Beds For All Who Come by Susan Bradley Smith
Five Islands Press, 2014
Susan Bradley Smith’s newest collection, Beds For All Who Come, is a delicate investigation into the lives of multiple historical figures, transitioning between the public and the personal. The collection is an excellent example of écriture féminine in that a range of individual female voices write to one another, but also acknowledge a fringe of male figures, assessing imagined and historical feelings and experiences, while also exposing some potential issues with this model.
In keeping with Smith’s keen interests in women’s theatre, Beds For All Who Come is presented as if a play: the collection traverses several Acts and is headed by a cast of characters, introduced before the poems commence. Each section is clearly denoted for a particular character and deals with proposed events from that figure’s life. Smith’s historicism ties in well with her personal and direct approach to these individuals, sympathetically grounding each poetic engagement, but also linking a broader poetic concern with modes of communication and support.
Absence is one of the strongest sensations in the collection. Desires for mentors and maternal figures permeate all sections, but particularly the Frieda Hughes part, as Smith’s Frieda persona writes to her lost mother, Sylvia Plath. Each persona speaks as though to a lost originary figure, grounding herself as part of a chorus of ‘abandoned women’. However, in keeping with Lawrence Lipking’s assessment of such women, Smith’s speakers are not lost to vulnerability, but given voice, agency, and activity by their abjection and oppression.1 In a double connection to female predecessors, Smith’s Frieda writes after the style of Sharon Olds in ‘I go back to 1963’:
… Frightened of this strange breakfast in bed and the silence, I tried the kitchen door. Later, I learned you’d sealed it to stop the gas from taking us with you…
Plath’s body is now hermetically sealed away, barring Frieda’s access to any part of the scene or sensation, despite the fact that Plath was the lead speaker in the first half of this shared Act in the collection, and the first poem in this Act was dedicated to her. The first half of the shared Act foreshadows the problematic layering of voices to follow, especially in ‘On marrying a herdsman’, in which Plath reflects on her relationship with Ted Hughes:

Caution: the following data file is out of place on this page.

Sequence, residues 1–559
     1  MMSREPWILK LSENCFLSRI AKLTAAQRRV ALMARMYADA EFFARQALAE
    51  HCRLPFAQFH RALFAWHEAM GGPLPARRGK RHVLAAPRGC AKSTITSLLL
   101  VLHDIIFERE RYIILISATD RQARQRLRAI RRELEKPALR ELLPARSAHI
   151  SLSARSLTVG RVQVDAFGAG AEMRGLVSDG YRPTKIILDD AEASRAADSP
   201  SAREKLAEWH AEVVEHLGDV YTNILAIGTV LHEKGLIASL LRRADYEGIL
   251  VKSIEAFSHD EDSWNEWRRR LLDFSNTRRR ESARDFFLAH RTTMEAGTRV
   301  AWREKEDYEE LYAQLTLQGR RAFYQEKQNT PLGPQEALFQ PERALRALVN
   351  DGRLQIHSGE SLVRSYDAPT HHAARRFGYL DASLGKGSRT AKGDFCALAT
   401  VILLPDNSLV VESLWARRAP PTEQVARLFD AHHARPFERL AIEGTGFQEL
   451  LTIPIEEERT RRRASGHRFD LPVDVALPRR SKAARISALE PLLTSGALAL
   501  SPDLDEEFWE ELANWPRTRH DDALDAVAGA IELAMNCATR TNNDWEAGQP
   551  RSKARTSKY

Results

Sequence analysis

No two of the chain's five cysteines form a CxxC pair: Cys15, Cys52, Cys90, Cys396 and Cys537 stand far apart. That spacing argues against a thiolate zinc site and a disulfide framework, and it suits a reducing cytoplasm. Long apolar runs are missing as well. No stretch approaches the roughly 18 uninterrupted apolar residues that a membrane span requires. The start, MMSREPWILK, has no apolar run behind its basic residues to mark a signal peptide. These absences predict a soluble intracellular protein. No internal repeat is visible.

…we mined our true granite, geologists of each other’s soul. Our love was deeply stratified: one layer was you; anther, your brother. But there are no clean slates in carbon land, and love, too, can fossilise.
The rest of the poem is rich with imagery of peeling skins, shape-changing and death, while clinging to known sensations of other figures. Connection is both the greatest desire, and most inaccessible feature of this collection. Smith’s Plath demonstrates keen passion and desires for personal engagement, but also acknowledges the constant parallel status of these: the layers can be keenly observed, but not joined. Destruction lurks at each edge. But criticism is not levelled on the need of or desire for communication; rather, a need for new forms of self-determination is highlighted.
The Germaine Greer coda completes Smith’s portrayal of problematic networks between these women. Rather than offering support or a sense of mutually beneficial community, Smith’s Greer persona wryly emphasises the self-interest and isolationist nature of such writings, but also their overall importance in the final lines of ‘On being three million dollars richer after selling my papers to the university’:
…So I sat there slurping my tea, silent. She ignored my question and started instead to talk about her children. About why history matters. For the next generation. Holy hell. Just give me the form and let me sign, I said. Enjoy yourself. Write away. Ask away. And to myself, I wondered if it was right to let others prosper thus: using the meat of me as their currency. The view from this terrace is spectacular.
Both Greer and the biographer in this poem are firmly focused on their own needs for self-perpetuation, but at a cost. Though both figures are to prosper from this communication, Smith emphasises the fragility of such an arguably exploitative linkage. The collection closes on this affirmation, with Greer encapsulating the explorations of earlier figures and their problematic engagements with important women predecessors. Central to Smith’s closure for Beds For All Who Come is a prominent, urgent sense of self, and pressure for self-actualisation, paired with scepticism of its impact on the women involved. Écriture féminine for Smith is neither wholly beneficial, nor entirely communal in spirit, and demands revision.
Between expressions of tenderness and longing for connection, Smith interjects her poetics with a strong sense of dry realism. Though the speakers of each Act outwardly strive for communication with a lost, famous female family member, or reconcile themselves with a world that will treat them in a similar fashion, Smith’s depiction of such negotiations is firmly grounded in a need for clinical, even cynical assessment. The personal cannot be separated from the political, nor can the role of mentor be divorced from a need for independence. A thoroughly enjoyable and concise volume, Beds For All Who Come revisits absences, exposing spaces still in need of exploration and cautioning what forms of connection may be used.
- Lawrence Lipking, Abandoned Women and Poetic Tradition, Chicago and London: Chicago University Press, 1988, pp. xvii-xviii. ↩